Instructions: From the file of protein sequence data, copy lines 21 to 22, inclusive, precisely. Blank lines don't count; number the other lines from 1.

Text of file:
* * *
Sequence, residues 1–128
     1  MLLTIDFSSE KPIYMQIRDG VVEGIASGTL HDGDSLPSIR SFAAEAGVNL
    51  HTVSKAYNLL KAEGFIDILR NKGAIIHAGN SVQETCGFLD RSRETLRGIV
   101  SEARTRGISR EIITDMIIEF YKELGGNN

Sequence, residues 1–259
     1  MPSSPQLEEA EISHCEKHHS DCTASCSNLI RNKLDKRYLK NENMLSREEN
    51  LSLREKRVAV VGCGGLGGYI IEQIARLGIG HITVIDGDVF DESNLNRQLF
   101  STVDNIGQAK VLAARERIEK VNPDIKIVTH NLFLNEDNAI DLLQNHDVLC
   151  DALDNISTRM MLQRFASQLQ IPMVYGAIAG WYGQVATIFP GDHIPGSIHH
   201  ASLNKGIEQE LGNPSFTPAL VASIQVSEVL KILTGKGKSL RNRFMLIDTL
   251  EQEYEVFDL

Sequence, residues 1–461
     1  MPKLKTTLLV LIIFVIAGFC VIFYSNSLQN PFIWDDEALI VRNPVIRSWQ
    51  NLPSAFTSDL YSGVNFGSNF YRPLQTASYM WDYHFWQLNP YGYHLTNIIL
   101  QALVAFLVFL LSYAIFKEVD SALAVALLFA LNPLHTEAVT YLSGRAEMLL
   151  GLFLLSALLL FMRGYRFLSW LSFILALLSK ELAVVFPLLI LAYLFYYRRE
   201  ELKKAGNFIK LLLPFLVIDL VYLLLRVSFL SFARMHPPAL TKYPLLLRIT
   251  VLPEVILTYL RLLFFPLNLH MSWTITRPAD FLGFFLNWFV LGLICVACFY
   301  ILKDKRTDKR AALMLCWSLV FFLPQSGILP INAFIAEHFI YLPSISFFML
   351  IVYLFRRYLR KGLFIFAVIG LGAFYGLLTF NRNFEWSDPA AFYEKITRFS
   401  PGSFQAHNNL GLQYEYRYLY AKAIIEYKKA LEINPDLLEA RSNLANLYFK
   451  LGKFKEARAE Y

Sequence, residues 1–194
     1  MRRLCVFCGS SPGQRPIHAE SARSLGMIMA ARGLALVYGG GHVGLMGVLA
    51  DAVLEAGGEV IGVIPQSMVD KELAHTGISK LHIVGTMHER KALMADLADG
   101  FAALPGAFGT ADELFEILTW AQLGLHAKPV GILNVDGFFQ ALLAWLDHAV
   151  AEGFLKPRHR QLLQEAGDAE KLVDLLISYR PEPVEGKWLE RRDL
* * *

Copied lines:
   401  PGSFQAHNNL GLQYEYRYLY AKAIIEYKKA LEINPDLLEA RSNLANLYFK
   451  LGKFKEARAE Y